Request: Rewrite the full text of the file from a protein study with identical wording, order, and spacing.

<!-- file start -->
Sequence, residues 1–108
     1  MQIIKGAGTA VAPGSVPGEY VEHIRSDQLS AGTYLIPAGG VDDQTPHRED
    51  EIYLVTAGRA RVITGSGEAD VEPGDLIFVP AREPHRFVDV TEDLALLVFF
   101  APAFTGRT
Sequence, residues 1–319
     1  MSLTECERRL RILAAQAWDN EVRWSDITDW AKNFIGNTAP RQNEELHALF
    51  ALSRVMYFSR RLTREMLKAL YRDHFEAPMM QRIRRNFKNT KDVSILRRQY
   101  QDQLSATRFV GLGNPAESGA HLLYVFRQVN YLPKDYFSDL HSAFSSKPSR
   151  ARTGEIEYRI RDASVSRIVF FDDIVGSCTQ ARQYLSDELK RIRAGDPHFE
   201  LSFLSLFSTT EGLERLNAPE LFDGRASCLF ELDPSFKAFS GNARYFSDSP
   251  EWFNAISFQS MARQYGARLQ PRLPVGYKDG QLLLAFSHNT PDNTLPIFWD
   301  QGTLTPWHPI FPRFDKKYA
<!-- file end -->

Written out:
Sequence, residues 1–108
     1  MQIIKGAGTA VAPGSVPGEY VEHIRSDQLS AGTYLIPAGG VDDQTPHRED
    51  EIYLVTAGRA RVITGSGEAD VEPGDLIFVP AREPHRFVDV TEDLALLVFF
   101  APAFTGRT
Sequence, residues 1–319
     1  MSLTECERRL RILAAQAWDN EVRWSDITDW AKNFIGNTAP RQNEELHALF
    51  ALSRVMYFSR RLTREMLKAL YRDHFEAPMM QRIRRNFKNT KDVSILRRQY
   101  QDQLSATRFV GLGNPAESGA HLLYVFRQVN YLPKDYFSDL HSAFSSKPSR
   151  ARTGEIEYRI RDASVSRIVF FDDIVGSCTQ ARQYLSDELK RIRAGDPHFE
   201  LSFLSLFSTT EGLERLNAPE LFDGRASCLF ELDPSFKAFS GNARYFSDSP
   251  EWFNAISFQS MARQYGARLQ PRLPVGYKDG QLLLAFSHNT PDNTLPIFWD
   301  QGTLTPWHPI FPRFDKKYA